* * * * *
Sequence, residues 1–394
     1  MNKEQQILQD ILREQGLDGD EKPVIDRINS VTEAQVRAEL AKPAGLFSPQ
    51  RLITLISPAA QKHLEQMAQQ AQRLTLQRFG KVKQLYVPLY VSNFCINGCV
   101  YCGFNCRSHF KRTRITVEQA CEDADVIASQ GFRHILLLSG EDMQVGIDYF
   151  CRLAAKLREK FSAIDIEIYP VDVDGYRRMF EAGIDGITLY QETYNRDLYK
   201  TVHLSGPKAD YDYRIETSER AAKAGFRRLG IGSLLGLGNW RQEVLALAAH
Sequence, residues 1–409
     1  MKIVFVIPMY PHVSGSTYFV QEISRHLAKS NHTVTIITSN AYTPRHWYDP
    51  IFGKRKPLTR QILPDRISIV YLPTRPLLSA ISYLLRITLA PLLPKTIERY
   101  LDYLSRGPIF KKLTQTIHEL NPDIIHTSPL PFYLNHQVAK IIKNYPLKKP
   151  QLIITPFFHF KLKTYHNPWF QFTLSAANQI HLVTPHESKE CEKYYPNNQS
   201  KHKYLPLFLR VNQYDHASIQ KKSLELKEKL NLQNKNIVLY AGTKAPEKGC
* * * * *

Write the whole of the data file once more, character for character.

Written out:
Sequence, residues 1–394
     1  MNKEQQILQD ILREQGLDGD EKPVIDRINS VTEAQVRAEL AKPAGLFSPQ
    51  RLITLISPAA QKHLEQMAQQ AQRLTLQRFG KVKQLYVPLY VSNFCINGCV
   101  YCGFNCRSHF KRTRITVEQA CEDADVIASQ GFRHILLLSG EDMQVGIDYF
   151  CRLAAKLREK FSAIDIEIYP VDVDGYRRMF EAGIDGITLY QETYNRDLYK
   201  TVHLSGPKAD YDYRIETSER AAKAGFRRLG IGSLLGLGNW RQEVLALAAH
Sequence, residues 1–409
     1  MKIVFVIPMY PHVSGSTYFV QEISRHLAKS NHTVTIITSN AYTPRHWYDP
    51  IFGKRKPLTR QILPDRISIV YLPTRPLLSA ISYLLRITLA PLLPKTIERY
   101  LDYLSRGPIF KKLTQTIHEL NPDIIHTSPL PFYLNHQVAK IIKNYPLKKP
   151  QLIITPFFHF KLKTYHNPWF QFTLSAANQI HLVTPHESKE CEKYYPNNQS
   201  KHKYLPLFLR VNQYDHASIQ KKSLELKEKL NLQNKNIVLY AGTKAPEKGC